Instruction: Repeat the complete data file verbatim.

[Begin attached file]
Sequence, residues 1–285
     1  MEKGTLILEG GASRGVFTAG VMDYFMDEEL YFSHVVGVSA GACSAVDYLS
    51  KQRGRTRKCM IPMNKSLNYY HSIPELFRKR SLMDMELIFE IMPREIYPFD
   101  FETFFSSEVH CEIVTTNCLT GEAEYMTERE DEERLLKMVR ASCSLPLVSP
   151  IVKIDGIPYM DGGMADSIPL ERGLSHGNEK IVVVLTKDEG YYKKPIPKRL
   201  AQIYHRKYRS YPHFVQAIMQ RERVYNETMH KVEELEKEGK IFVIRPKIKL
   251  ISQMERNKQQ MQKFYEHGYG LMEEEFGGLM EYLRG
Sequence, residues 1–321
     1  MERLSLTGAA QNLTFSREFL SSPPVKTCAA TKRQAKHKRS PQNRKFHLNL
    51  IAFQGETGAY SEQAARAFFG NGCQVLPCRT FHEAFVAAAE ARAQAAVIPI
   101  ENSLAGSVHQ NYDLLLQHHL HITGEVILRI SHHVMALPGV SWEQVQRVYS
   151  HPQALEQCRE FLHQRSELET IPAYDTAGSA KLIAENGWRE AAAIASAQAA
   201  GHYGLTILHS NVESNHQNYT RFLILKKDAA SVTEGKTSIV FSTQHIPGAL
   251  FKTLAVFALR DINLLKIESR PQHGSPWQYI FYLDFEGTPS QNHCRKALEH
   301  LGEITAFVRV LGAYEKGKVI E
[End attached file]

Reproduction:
Sequence, residues 1–285
     1  MEKGTLILEG GASRGVFTAG VMDYFMDEEL YFSHVVGVSA GACSAVDYLS
    51  KQRGRTRKCM IPMNKSLNYY HSIPELFRKR SLMDMELIFE IMPREIYPFD
   101  FETFFSSEVH CEIVTTNCLT GEAEYMTERE DEERLLKMVR ASCSLPLVSP
   151  IVKIDGIPYM DGGMADSIPL ERGLSHGNEK IVVVLTKDEG YYKKPIPKRL
   201  AQIYHRKYRS YPHFVQAIMQ RERVYNETMH KVEELEKEGK IFVIRPKIKL
   251  ISQMERNKQQ MQKFYEHGYG LMEEEFGGLM EYLRG
Sequence, residues 1–321
     1  MERLSLTGAA QNLTFSREFL SSPPVKTCAA TKRQAKHKRS PQNRKFHLNL
    51  IAFQGETGAY SEQAARAFFG NGCQVLPCRT FHEAFVAAAE ARAQAAVIPI
   101  ENSLAGSVHQ NYDLLLQHHL HITGEVILRI SHHVMALPGV SWEQVQRVYS
   151  HPQALEQCRE FLHQRSELET IPAYDTAGSA KLIAENGWRE AAAIASAQAA
   201  GHYGLTILHS NVESNHQNYT RFLILKKDAA SVTEGKTSIV FSTQHIPGAL
   251  FKTLAVFALR DINLLKIESR PQHGSPWQYI FYLDFEGTPS QNHCRKALEH
   301  LGEITAFVRV LGAYEKGKVI E